Vates was the first to introduce me to the neurosurgical operating room. With his faculty mentorship, I helped develop a neurosurgery research interest group. I cannot underestimate the value of seeing neurosurgery being performed in helping to guide my career specialty choice in medicine. There is truly no other specialty quite like neurosurgery. It was obvious to me that I wanted nothing else.
Others important mentors during her medical education includedHoward Silberstein andWeb Pilcher, whom she says were extremely supportive and invited her to their OR and clinics. When she ultimately joined her residency program at Penn, she had another series of outstanding leaders in the field who taught her everything about the practice of neurosurgery, from the technical perspective to the patient care perspective, and from an academic leadership perspective. Now, she finds herself incredibly privileged to call work with her former mentors as colleagues.
The learning process in medicine never ends. So it’s really important at all stages in the process to have trusted colleagues and mentors with whom you can discuss cases and outcomes and ways to improve. Medicine is not a static field by any means and neurosurgery, in particular, is ever-changing. One can only get better at something if you can review it critically, ask the appropriate questions, and try to find innovative ways to improve.
One of her most memorable cases was a 29-year-old singer named Zachary Williams who had developed episodes of speech arrest secondary to having a large tumor in the left frontal lobe. Unfortunately for him, this tumor was sitting in the language centers of his brain, which can sometimes lead one to lose the ability to speak altogether. Dr. Ali decided to do a unique operative procedure calledawake brain surgery, which occurs while a patient’s head is open and the patient is simultaneously performing neuropsychological tasks to make sure language function is preserved.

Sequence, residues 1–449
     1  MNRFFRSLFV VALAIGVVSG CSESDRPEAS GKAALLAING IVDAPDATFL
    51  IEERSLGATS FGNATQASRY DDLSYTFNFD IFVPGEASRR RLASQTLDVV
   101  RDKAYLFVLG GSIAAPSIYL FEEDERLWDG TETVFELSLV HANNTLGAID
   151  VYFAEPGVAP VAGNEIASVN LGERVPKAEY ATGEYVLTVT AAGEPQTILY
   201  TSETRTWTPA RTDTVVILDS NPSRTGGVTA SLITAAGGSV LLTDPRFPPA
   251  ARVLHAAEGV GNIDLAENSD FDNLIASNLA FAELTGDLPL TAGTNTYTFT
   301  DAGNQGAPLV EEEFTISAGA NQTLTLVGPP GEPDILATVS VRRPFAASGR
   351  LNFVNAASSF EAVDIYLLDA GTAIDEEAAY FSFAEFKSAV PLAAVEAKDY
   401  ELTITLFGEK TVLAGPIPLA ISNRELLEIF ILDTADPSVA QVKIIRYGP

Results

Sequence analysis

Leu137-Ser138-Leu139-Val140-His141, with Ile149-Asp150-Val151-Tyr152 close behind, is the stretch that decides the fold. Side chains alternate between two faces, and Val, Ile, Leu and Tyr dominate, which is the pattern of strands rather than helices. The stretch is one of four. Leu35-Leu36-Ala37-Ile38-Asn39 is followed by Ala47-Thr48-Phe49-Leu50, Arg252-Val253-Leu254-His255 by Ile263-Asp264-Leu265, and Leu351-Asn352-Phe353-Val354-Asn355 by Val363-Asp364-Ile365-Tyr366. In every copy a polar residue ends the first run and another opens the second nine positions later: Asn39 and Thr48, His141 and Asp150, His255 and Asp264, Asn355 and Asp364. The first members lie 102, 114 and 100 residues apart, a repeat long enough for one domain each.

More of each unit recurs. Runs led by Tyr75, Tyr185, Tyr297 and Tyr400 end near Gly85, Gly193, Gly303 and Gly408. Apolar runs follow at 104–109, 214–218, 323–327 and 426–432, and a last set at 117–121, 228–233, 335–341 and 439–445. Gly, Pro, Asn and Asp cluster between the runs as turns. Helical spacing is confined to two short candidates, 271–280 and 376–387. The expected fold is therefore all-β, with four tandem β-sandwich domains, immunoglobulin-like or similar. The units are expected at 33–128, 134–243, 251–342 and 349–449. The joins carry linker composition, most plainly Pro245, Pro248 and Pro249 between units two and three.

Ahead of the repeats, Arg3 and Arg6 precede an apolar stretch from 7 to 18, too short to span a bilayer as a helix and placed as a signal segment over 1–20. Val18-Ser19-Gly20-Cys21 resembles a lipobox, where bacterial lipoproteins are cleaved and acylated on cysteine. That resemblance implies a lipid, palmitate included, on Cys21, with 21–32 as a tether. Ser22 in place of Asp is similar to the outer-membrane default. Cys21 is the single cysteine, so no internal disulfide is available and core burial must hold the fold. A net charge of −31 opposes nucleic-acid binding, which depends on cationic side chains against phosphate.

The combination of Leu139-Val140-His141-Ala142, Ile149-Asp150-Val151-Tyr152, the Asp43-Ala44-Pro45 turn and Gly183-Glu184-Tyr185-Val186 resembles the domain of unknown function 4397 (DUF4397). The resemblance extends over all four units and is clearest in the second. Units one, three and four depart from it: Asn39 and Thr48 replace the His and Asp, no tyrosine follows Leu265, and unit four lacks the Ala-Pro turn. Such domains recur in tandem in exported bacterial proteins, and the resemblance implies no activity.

It was really special for me because it reminded me of the great privilege that we have, as doctors, to take care of patients like this. How many 29-year-olds do you know that have undergone awake brain surgery? The resilience and courage of my patients is a constant reminder of what matters most. Zach was a singer. And I did not want him to leave that operating room without the ability to sing. So, after we did all the typical tests for language function testing, including reciting the alphabet and numbers, we handed him a microphone, and I told him to sing, while I removed his tumor. It was unforgettable.